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A veteran South Dakota lawmaker worries the state is choosing money over morality with the growing secrecy and tax evasion of the powerful trust industry.
“Having any publicity, as far as they’re concerned that doesn’t come from them, they don’t want it,” Rep. Susan Wismer said in an interview with Dolcefino Consulting.
Rep. Susan Wismer spoke out on the growing controversy involving a Texas divorce case and how South Dakota law may cheat a wife of 30 years.
Texas billionaire Ed Bosarge moved upwards of $2.3 billion into secretive South Dakota trusts without Marie Bosarge knowing, everything from French chateaus to the sponges in the kitchen of their huge Texas mansion.
Now, she’s fighting in courts in Houston and Sioux Falls to get her rightful share of the money they made in their 30-year marriage.
“It’s community property. It’s fifty-fifty. I want what’s fair. It’s my money too, you know. That’s what’s so frustrating,” said Marie Bosarge.
CNBC, The Wall Street Journal, even international publications have raised questions about the high-stakes divorce case and the way the rich, like Houston billionaire Ed Bosarge, are using South Dakota tax laws to hide their fortunes.
Last year, the Chief Justice of the South Dakota Supreme Court said $3.2 trillion is now being hidden in South Dakota from taxation, and sometimes even from family members.
“I’m offended that South Dakota’s trust laws are being used by anyone, but rich people to avoid their familial responsibilities that they wouldn’t be able to evade if South Dakota hadn’t created this little trust empire here,” Wismer said.
The Texas judge in the Bosarge case has warned Ed Bosarge’s lawyers that he won’t let South Dakota law deprive a wife of her legal share.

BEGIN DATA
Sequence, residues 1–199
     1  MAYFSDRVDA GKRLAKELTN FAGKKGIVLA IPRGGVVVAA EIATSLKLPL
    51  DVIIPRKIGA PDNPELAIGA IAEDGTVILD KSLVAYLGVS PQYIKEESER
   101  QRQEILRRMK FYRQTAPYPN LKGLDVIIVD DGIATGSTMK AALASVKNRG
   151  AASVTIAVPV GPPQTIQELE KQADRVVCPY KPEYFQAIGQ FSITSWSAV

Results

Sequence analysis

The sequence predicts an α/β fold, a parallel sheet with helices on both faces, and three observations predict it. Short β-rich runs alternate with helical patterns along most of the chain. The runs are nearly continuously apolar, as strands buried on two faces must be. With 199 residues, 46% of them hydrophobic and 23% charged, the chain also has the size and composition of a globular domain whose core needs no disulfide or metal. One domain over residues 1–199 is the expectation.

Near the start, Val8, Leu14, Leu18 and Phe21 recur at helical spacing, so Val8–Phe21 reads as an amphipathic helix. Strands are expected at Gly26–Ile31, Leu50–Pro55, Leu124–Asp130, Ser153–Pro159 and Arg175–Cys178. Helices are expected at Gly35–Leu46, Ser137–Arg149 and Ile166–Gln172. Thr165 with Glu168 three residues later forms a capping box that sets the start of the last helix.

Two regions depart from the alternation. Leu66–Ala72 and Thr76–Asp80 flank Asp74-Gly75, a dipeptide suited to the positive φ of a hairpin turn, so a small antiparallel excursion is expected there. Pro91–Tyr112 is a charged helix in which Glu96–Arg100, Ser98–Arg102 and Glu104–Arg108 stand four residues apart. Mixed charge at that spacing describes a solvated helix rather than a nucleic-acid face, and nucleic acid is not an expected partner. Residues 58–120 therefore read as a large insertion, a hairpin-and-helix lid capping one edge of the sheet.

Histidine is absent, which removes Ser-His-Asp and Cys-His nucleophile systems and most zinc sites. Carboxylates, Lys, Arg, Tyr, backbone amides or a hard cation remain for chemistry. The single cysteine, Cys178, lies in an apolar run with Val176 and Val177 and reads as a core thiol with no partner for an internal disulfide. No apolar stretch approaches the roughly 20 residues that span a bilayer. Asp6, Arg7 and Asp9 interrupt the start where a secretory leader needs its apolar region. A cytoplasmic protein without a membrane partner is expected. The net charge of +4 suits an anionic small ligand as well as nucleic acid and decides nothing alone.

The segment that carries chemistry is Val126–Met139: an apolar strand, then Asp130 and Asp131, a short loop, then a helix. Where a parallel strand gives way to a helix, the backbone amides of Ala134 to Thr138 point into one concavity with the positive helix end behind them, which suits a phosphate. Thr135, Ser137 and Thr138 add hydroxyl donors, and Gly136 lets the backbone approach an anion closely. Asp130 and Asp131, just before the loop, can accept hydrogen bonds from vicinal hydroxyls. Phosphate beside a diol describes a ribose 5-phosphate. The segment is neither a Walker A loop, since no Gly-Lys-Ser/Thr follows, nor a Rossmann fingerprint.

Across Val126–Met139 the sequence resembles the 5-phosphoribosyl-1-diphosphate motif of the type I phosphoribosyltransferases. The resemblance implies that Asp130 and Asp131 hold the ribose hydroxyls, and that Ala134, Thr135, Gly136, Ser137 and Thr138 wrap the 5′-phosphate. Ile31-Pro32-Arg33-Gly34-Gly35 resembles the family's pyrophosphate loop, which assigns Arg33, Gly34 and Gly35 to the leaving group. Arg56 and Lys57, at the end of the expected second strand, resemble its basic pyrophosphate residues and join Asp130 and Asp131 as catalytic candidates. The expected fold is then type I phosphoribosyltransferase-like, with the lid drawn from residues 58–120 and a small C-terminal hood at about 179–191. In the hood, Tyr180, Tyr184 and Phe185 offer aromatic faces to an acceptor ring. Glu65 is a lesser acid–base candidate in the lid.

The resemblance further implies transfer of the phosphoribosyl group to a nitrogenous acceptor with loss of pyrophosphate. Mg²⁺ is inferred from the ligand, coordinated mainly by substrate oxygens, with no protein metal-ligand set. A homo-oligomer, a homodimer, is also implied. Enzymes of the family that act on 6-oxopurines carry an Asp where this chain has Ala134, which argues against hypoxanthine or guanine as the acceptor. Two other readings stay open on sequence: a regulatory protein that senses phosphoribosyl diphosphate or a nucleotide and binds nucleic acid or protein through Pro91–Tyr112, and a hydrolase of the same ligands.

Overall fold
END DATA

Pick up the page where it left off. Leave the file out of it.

“I don’t think the laws of South Dakota, the State of Texas or anything that we might imagine somehow frees him of an obligation that he has undertaken at the time he married Mrs. Bosarge,” said Judge Clinton Wells in a court hearing before the Coronavirus pandemic shut down the Harris County courthouse.
Ed Bosarge showed up in a wheelchair for his deposition and his lawyers claimed last month he had the Coronavirus, but pictures in a culture magazine showed him at dinner a few nights ago with the young Russian girlfriend he apparently left his wife for.
“I think that if the majority of South Dakota legislators were aware of this some of these more egregious cases it might help us but the brakes on this industry a little bit,” Wismer said.
The shutdown of Houston courts has delayed the trial until later this year, but Wismer hopes the publicity surrounding the case will wake up her colleagues at the State Capitol.
“I think it’s important that the South Dakota legislature become aware of this issue and consider the real time, real life consequences to people around the country of, of their actions,” Wismer said.
“I do not think South Dakotans want their state to be used by every person who wants to cheat his partner out of money, but if Marie loses her fight that is exactly what could happen,” said Wayne Dolcefino, President of Dolcefino Consulting. “No woman would be safe.”
The Wismer interview is part of an investigative report by Dolcefino Consulting called “South Dakota’s Little Secret”.